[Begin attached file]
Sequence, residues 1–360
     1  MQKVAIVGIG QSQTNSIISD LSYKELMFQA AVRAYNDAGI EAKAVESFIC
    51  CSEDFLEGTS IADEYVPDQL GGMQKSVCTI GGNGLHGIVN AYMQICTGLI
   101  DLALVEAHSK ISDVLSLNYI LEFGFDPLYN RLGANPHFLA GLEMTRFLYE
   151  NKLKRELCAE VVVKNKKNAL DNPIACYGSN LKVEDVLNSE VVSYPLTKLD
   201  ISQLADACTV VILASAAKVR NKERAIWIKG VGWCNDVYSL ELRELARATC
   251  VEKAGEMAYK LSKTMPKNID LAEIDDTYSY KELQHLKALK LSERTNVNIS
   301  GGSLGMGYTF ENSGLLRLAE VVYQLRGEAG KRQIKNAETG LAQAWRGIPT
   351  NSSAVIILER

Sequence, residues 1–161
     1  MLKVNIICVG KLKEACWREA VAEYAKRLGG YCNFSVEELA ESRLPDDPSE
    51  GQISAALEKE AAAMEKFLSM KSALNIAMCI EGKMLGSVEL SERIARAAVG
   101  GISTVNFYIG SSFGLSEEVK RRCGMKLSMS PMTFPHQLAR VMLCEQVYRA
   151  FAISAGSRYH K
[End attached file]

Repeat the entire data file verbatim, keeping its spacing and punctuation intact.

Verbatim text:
Sequence, residues 1–360
     1  MQKVAIVGIG QSQTNSIISD LSYKELMFQA AVRAYNDAGI EAKAVESFIC
    51  CSEDFLEGTS IADEYVPDQL GGMQKSVCTI GGNGLHGIVN AYMQICTGLI
   101  DLALVEAHSK ISDVLSLNYI LEFGFDPLYN RLGANPHFLA GLEMTRFLYE
   151  NKLKRELCAE VVVKNKKNAL DNPIACYGSN LKVEDVLNSE VVSYPLTKLD
   201  ISQLADACTV VILASAAKVR NKERAIWIKG VGWCNDVYSL ELRELARATC
   251  VEKAGEMAYK LSKTMPKNID LAEIDDTYSY KELQHLKALK LSERTNVNIS
   301  GGSLGMGYTF ENSGLLRLAE VVYQLRGEAG KRQIKNAETG LAQAWRGIPT
   351  NSSAVIILER

Sequence, residues 1–161
     1  MLKVNIICVG KLKEACWREA VAEYAKRLGG YCNFSVEELA ESRLPDDPSE
    51  GQISAALEKE AAAMEKFLSM KSALNIAMCI EGKMLGSVEL SERIARAAVG
   101  GISTVNFYIG SSFGLSEEVK RRCGMKLSMS PMTFPHQLAR VMLCEQVYRA
   151  FAISAGSRYH K